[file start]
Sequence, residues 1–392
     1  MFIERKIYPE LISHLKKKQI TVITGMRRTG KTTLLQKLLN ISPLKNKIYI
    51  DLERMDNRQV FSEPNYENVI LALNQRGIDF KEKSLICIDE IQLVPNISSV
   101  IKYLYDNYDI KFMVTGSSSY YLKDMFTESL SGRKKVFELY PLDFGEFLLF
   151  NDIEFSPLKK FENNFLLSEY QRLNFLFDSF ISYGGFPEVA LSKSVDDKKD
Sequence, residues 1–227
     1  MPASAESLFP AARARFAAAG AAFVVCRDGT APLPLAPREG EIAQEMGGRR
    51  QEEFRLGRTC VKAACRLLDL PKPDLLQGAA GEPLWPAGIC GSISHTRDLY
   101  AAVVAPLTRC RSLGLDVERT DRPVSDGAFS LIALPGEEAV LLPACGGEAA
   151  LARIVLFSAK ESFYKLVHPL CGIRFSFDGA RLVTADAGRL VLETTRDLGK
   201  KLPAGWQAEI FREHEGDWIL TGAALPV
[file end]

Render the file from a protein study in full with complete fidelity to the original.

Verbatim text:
Sequence, residues 1–392
     1  MFIERKIYPE LISHLKKKQI TVITGMRRTG KTTLLQKLLN ISPLKNKIYI
    51  DLERMDNRQV FSEPNYENVI LALNQRGIDF KEKSLICIDE IQLVPNISSV
   101  IKYLYDNYDI KFMVTGSSSY YLKDMFTESL SGRKKVFELY PLDFGEFLLF
   151  NDIEFSPLKK FENNFLLSEY QRLNFLFDSF ISYGGFPEVA LSKSVDDKKD
Sequence, residues 1–227
     1  MPASAESLFP AARARFAAAG AAFVVCRDGT APLPLAPREG EIAQEMGGRR
    51  QEEFRLGRTC VKAACRLLDL PKPDLLQGAA GEPLWPAGIC GSISHTRDLY
   101  AAVVAPLTRC RSLGLDVERT DRPVSDGAFS LIALPGEEAV LLPACGGEAA
   151  LARIVLFSAK ESFYKLVHPL CGIRFSFDGA RLVTADAGRL VLETTRDLGK
   201  KLPAGWQAEI FREHEGDWIL TGAALPV